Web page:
REGULATORY REQUIREMENTS | After years of preparation, the new Swiss Financial Market Supervisory Authority (FINMA) commenced operations on 1 January 2009. FINMA brings together the Federal Office of Private Insurance (FOPI), the Swiss Federal Banking Commission (SFBC) and the Anti-Money Laundering Control Authority (AMLCA).

FINMA is responsible for integrated insurance supervision to protect insured persons from the consequences of insolvency or abusive practices. The core element of this approach is the Swiss Solvency Test, serving to determine economic risk exposure and risk capacity. Following a five-year transitional period, solvency in accordance with the SST will become binding for all Swiss insurance companies on 1 January 2011. The quantitative approach is complemented by the Swiss Quality Assessment (SQA) tool, which focuses on qualitative aspects. This process involves assessing companies with regard to corporate governance, risk management and internal controls. Traditional supervisory instruments such as the Solvency I requirements and requirements for tied assets continue to be applied.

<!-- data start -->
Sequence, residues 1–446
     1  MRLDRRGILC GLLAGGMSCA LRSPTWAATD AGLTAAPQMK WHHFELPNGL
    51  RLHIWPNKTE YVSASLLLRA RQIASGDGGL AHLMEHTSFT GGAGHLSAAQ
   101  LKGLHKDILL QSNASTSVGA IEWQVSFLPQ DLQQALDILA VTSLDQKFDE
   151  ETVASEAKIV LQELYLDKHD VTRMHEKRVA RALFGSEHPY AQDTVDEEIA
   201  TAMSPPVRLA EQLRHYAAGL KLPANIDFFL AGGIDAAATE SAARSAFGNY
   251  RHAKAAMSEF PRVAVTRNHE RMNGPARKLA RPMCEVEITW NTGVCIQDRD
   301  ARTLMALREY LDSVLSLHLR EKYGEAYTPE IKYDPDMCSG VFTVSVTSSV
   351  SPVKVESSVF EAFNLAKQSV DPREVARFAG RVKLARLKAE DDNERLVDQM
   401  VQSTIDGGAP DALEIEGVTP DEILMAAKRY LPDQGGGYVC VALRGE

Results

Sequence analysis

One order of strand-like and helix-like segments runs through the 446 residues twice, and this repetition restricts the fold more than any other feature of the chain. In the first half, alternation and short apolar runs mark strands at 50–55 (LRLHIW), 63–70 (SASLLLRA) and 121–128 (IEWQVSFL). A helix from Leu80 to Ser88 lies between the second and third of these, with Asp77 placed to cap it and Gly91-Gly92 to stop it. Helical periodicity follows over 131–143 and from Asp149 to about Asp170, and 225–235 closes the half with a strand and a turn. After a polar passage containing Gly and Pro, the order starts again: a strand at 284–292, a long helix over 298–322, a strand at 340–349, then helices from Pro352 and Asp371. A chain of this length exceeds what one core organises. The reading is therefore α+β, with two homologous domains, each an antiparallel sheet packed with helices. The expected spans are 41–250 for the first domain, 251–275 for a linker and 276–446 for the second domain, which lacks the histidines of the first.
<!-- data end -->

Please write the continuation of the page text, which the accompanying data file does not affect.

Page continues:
Swiss Life took appropriate measures during the financial year to strengthen risk-based solvency in accordance with the SST. These included the reduction in equity exposure and hedge fund investments, but also the introduction of various additional hedges. Moreover, the suspension of the share buyback programme had a stabilising effect on Solvency I at Group level. Similarly, a lower dividend than originally projected also helps to strengthen Group solvency.

The European Union is also aiming to set up a risk-based solvency supervision mechanism with its Solvency II project. The European Commission published an initial draft directive on 10 July 2007. An amended version followed on 26 February 2008. As things currently stand, however, Solvency II is unlikely to be in operation before 2013, at the earliest. As Swiss Life is domiciled in a non-member state, the EU’s rules and regulations with regard to third-party states are extremely important. The EU’s framework directive is also aimed at streamlining the group supervision, based on the principle of equivalence. The Swiss insurance industry is working to ensure that this principle is applied to all insurance companies, regardless of where their head office is domiciled, to create equal competitive conditions for all.